Kidney cancer immunotherapy combo approved for NHS use in England
A combination of immunotherapy drugs will be made available to NHS patients with advanced and aggressive kidney cancer on the NHS in England.
The drugs, nivolumab (Opdivo) and ipilimumab (Yervoy), can now be used for previously untreated kidney cancer. The combination has been shown to slow the progression of a certain type of kidney cancer compared with standard treatment.
The decision to approve the treatment follows an initial rejection in December 2018. In its updated review, the National Institute for Health and Care Excellence (NICE) said additional clinical trial data which had become available since its initial decision had reduced some of the uncertainty about the benefits the treatment offers patients.
Emlyn Samuel, Cancer Research UK’s Head of Policy Development, said “This decision is good news for patients with this specific type of kidney cancer, as clinical trial evidence suggests this drug combination can give patients longer before their disease gets worse.”
Doctors can split patients’ kidney cancers that have spread into three groups based on how well patients might do on treatment (prognosis). These groups range from those who have the best prognosis, called the favourable risk group, to those who have the poorest prognosis, the poor risk group.
In a clinical trial of 847 patients whose cancer was deemed middle or poor risk, the immunotherapy combination kept patients’ cancers stable for around 3 months longer on average than those on standard treatment, a targeted drug called sunitinib (Sutent).
The treatment also had positive effects on survival, with 75 in 100 people taking the combination therapy still alive 18 months after treatment, compared to 60 in 100 taking sunitinib.
The most common side effects experienced by both groups of patients were tiredness, diarrhoea and itchy skin, but this was less common in those who took immunotherapy.
Ipilimumab and nivolumab both work by interacting with immune cells and stopping them being put to sleep by cancer cells. This boosts the immune system’s ability to attack and kill cancer cells.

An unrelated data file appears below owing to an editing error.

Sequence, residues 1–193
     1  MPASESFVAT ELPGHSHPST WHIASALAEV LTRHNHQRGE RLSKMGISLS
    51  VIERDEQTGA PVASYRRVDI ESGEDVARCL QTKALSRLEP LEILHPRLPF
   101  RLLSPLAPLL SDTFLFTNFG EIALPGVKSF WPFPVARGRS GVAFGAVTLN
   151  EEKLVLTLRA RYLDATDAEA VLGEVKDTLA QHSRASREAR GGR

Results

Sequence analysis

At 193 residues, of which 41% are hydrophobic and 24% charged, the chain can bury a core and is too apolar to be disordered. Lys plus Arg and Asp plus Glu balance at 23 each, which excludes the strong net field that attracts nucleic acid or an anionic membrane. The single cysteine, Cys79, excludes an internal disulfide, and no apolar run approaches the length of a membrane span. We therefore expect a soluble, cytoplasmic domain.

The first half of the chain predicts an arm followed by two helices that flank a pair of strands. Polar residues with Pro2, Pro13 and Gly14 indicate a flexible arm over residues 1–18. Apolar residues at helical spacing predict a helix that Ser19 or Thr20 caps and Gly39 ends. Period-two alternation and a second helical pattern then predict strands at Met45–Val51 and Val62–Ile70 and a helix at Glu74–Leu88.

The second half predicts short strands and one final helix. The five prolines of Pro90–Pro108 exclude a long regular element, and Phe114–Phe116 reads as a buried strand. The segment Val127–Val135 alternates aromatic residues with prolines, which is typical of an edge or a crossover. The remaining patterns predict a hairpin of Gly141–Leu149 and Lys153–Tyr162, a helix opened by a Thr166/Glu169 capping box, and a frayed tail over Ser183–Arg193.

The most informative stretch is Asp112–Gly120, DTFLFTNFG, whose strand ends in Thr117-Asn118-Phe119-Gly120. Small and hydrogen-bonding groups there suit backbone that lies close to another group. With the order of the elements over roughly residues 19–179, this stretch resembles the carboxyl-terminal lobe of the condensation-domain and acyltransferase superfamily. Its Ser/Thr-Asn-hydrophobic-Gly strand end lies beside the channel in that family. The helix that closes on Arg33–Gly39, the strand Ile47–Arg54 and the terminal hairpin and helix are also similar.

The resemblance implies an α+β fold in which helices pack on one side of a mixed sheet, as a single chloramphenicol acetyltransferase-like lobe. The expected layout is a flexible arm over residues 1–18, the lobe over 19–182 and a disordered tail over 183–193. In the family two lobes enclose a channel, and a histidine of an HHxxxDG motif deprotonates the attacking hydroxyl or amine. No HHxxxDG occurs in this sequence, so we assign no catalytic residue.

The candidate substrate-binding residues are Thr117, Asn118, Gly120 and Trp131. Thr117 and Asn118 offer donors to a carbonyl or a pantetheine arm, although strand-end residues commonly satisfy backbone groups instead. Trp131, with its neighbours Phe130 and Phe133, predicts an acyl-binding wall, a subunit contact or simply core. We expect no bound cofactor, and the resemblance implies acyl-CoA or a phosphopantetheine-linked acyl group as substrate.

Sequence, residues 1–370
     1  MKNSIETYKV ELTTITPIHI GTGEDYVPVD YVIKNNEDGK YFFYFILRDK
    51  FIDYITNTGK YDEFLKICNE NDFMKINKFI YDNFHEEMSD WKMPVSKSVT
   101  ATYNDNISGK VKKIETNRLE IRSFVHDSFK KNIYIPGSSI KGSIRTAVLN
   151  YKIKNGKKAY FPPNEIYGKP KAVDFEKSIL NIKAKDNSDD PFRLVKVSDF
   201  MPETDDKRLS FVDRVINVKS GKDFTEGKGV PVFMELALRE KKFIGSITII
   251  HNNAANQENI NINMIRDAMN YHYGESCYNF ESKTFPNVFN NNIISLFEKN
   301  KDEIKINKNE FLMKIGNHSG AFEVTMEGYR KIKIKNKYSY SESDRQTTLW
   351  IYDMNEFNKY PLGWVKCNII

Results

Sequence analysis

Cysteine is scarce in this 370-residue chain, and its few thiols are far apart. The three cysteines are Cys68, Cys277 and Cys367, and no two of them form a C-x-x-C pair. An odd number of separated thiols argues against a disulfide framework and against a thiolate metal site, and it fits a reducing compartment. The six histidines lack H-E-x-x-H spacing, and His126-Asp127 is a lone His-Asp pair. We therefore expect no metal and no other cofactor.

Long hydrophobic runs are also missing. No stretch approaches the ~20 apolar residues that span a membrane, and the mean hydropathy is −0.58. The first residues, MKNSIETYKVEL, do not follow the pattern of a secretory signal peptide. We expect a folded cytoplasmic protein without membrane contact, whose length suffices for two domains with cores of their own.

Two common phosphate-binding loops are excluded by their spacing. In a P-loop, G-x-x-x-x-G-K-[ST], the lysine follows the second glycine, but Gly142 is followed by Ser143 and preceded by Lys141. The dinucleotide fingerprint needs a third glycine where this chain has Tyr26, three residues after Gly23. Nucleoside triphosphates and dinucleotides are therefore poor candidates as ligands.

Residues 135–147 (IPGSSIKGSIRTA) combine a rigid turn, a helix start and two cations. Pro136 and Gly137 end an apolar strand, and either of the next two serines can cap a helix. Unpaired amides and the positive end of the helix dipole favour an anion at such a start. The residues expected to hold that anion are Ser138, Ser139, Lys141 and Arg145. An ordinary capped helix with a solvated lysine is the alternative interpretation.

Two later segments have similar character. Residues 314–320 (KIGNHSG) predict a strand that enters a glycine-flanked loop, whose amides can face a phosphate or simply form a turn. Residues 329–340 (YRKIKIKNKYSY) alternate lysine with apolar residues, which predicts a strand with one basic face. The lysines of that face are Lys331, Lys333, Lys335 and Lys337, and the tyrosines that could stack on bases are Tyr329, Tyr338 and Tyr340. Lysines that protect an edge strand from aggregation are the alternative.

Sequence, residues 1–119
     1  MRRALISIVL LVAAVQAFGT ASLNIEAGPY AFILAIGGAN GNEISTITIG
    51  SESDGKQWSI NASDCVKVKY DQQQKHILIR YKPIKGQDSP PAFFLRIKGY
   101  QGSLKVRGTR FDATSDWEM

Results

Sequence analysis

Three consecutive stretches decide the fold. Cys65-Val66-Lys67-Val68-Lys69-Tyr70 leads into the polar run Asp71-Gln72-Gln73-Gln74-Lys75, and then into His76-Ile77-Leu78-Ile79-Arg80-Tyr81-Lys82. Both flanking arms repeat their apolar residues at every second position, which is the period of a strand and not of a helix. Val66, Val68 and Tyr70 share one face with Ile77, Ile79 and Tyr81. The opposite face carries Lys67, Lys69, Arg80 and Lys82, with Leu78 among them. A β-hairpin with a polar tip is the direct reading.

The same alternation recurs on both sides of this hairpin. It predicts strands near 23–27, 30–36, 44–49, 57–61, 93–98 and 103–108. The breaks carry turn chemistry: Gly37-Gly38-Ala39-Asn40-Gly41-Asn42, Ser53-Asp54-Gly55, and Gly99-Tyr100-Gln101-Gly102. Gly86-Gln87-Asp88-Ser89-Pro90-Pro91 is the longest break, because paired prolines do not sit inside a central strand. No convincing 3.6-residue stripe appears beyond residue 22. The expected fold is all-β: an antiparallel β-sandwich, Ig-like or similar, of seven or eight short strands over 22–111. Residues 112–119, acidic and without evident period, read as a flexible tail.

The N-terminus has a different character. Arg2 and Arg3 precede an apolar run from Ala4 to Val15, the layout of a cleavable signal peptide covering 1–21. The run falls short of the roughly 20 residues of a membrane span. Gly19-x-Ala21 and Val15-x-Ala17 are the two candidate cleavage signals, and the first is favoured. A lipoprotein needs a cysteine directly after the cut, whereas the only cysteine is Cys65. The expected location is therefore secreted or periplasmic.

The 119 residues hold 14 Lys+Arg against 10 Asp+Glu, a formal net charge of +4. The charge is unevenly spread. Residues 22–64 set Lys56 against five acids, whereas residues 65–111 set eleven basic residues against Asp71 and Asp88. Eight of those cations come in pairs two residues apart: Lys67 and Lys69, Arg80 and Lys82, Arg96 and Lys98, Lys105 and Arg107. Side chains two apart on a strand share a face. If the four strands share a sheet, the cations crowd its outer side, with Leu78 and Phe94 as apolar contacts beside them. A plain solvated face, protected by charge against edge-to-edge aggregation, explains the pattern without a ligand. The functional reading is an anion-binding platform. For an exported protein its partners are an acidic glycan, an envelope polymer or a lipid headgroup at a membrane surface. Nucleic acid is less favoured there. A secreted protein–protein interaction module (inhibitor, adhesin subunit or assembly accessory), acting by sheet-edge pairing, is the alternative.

New data warrants approval
When NICE initially reviewed the treatment in 2018, the committee concluded the combination didn’t offer value for money compared to existing treatments. Particularly, they believed there wasn’t enough data to show that the benefits lasted long-term and allowed patients to live longer.
But new data looking at the longer-term effects of nivolumab with ipilimumab has provided further promising results for the treatment.
The company aims to produce new data annually until 2021, looking at how long the effects of the combination last. NICE felt this would provide enough data to reduce its uncertainty about the cost effectiveness of the treatment.
The combination of nivolumab and ipilimumab was therefore recommended for use in the Cancer Drugs Fund until 2021, offering patients access to the drugs while more long-term data is collected.
The Cancer Drugs Fund gives patients access to new treatments before they’re approved for routine use in the NHS.
Samuel said: “As some uncertainty about the long-term benefit of this treatment remains, this decision shows the value of the Cancer Drugs Fund in providing patients with access to promising new medicines while more data is collected.”